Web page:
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Insurance firms will have to watch their costs: regulator

Insurance firms will have to watch their costs: regulator
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First Published: Fri, Sep 18 2009. 11 25 PM IST

 Weighing options: Insurance Regulatory and Development Authority chairman J. Hari Narayan. Bharath Sai / Mint
Weighing options: Insurance Regulatory and Development Authority chairman J. Hari Narayan. Bharath Sai / Mint
Updated: Fri, Sep 18 2009. 11 25 PM IST
Mumbai: J. Hari Narayan, chairman of the Insurance Regulatory and Development Authority (Irda), is not too worried about the losses the life insurance industry is facing as the sector has grown faster than expected. But insurance companies would have to watch their costs, he says. Edited excerpts:
Weighing options: Insurance Regulatory and Development Authority chairman J. Hari Narayan. Bharath Sai / Mint
Are you concerned about the mounting losses of the life insurance industry?
What concerns me is not the fact that they are making loss per se. That the insurance company, particularly in the life sector, will be making losses for at least 8-10 years was well known even before they started. Most of them assumed that their business will show some bottom-line blackening by about the eighth or ninth year. Now, what we find is that’s not happening. What seems to have happened is they are actually selling more than they had planned to. So that rate of growth is actually too fast. And the effects of that are now being seen. So it is getting pushed by 2 or 3 years.
Do you think their cost strategy has also failed little in that sense?
What is increasing in the cost of the insurance companies is non-commission related cost—other types of cost whose rate of growth has been rather high and they should watch it.
Have you conveyed to them that they need to watch their costs?
The Insurance Act sets a limit on the total management cost and insurance companies are expected to abide by it. We allow a leeway initially by not being very rigorous in the implementation of that regulation for the first five years of the genesis of the company because we expect that there will be far more administrative costs initially. After that, we expect them to comply.
Have you found any of them violating?
Three of them are not compliant.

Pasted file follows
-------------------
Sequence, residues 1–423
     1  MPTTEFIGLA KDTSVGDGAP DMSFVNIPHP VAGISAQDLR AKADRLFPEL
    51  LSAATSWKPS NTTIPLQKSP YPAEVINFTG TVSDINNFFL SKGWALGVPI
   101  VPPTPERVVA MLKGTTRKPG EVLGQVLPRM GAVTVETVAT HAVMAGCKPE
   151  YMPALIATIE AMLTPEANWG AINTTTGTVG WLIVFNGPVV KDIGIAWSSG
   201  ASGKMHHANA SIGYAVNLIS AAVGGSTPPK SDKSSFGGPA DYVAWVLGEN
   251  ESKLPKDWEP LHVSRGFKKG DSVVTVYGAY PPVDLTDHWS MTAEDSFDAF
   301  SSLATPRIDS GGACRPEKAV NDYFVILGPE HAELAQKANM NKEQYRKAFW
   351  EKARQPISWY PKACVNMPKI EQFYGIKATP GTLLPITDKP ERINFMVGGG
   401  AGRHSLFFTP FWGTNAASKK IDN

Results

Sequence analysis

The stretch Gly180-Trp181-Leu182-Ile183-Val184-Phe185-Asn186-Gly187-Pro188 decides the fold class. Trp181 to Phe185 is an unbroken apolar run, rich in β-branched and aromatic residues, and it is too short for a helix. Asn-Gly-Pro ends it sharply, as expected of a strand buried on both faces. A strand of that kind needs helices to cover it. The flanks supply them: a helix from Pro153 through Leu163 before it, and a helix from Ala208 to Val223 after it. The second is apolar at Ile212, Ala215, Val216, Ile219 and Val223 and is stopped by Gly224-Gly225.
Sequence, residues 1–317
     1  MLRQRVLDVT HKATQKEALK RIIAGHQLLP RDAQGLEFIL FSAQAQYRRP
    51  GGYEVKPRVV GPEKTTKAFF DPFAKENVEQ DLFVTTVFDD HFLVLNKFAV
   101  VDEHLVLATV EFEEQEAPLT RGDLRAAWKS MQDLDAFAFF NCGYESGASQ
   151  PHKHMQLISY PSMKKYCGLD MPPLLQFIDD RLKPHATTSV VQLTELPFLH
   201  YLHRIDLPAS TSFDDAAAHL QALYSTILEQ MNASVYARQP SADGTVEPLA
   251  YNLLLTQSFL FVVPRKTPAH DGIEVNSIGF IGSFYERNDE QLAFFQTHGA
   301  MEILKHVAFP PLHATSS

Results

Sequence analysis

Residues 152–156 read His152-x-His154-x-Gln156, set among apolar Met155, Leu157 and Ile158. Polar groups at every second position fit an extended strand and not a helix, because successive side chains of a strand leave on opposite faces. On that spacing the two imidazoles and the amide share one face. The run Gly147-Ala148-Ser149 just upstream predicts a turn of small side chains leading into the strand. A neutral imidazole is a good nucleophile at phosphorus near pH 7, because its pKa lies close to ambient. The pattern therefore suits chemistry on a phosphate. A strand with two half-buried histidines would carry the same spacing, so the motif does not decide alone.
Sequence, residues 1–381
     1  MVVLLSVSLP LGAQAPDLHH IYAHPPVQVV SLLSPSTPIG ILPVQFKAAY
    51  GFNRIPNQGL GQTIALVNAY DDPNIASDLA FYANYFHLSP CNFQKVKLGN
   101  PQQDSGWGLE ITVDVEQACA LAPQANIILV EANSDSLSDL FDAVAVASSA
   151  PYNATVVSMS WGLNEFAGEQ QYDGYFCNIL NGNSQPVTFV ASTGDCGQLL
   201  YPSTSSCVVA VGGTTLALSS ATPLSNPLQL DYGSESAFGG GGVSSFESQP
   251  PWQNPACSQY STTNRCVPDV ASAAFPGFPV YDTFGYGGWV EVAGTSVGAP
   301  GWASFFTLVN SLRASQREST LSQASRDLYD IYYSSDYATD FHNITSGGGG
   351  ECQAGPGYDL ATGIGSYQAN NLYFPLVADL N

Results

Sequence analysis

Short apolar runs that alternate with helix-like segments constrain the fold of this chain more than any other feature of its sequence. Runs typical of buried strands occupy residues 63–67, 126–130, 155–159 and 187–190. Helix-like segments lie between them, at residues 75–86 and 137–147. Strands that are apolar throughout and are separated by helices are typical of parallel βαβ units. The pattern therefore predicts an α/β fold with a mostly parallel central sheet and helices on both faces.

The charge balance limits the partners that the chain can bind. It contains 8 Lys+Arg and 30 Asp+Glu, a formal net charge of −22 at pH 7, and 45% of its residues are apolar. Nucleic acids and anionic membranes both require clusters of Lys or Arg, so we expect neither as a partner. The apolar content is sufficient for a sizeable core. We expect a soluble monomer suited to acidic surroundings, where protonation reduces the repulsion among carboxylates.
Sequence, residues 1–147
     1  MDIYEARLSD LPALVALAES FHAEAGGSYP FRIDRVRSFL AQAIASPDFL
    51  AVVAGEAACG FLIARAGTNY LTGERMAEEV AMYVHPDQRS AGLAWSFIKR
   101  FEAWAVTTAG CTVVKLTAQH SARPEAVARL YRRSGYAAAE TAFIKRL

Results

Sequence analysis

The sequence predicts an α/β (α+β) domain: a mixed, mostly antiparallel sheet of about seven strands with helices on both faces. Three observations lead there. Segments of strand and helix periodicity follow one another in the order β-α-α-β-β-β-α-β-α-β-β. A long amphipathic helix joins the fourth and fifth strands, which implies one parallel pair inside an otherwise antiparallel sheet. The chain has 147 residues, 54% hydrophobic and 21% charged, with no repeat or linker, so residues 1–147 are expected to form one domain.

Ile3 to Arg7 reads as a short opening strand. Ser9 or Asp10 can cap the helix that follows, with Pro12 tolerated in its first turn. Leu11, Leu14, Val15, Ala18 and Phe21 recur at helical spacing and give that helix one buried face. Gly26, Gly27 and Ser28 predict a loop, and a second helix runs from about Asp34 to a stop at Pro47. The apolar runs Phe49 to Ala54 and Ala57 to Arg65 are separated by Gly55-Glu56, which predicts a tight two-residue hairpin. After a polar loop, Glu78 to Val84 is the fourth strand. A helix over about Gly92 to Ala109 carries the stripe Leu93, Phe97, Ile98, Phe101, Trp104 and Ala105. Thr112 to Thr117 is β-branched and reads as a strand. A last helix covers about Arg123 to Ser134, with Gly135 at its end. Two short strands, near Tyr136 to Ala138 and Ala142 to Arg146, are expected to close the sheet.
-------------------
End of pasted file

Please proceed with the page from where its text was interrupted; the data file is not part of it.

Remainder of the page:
What actions have you taken?
We have written to the management of these companies asking them to spell out the steps that they propose to take to bring it in line.
A lot of the companies are closer to going public. Do you see a composite road map being evolved for the entire industry or is this going to be a case-by-case thing?
No, it won’t be. It will be a structure and within this structure these companies will have to operate, whichever company applies. It won’t be a case-by-case basis.
You said you haven’t heard from the government, but we have information that the law ministry has not found anything wrong with the law in relaxing it? Where does the matter stand?
The government has called for our comments on their draft notification. And that’s where the matter is.
Are you in principle fine with that? Do you think insurance companies are ready to go public?
We have no issues with that. That is a call the insurance companies will have to take. What we are really concerned with is the kind of steps, the disclosures, the kind of measures that will have to be in place to ensure that when an IPO (initial public offering) is issued it is fair to the investing public in terms of the disclosure and available knowledge.
On FDI (foreign direct investment), the Indian partner has to dilute its stake; there is no clarity with regard to FII (foreign institutional investment). What are your thoughts on that?
Yes, I think that is indeed a blind spot in the proposed bill and in the comments that have been called for, this has been pointed out. We have pointed out that there is indeed such a requirement and I am sure that before the bill becomes an enactment, it will be addressed.
Principally, do you believe that as equity dilution happens, this 49% cap should be able to take the FII bit as well?
There are various ways in which a company can go from 26% to 49%. And yes, at the moment, the Bill is unclear as to which way is it going to be. That will have to be clarified.
Are you in principle opposed to the thought that commissions should be between a distributor/agent and consumer/investor, or should they be embedded in the financial products?
I think that it is a very premature step given the width and the depth and the different types of the Indian market and the need to nurture much closer relationship between the policyholder and the agent. Therefore, I think it will have to be embedded in the premium for times to come.
Have you conveyed your reservation?
Yes, we have conveyed the reservation.
cnbctv18@livemint.com
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First Published: Fri, Sep 18 2009. 11 25 PM IST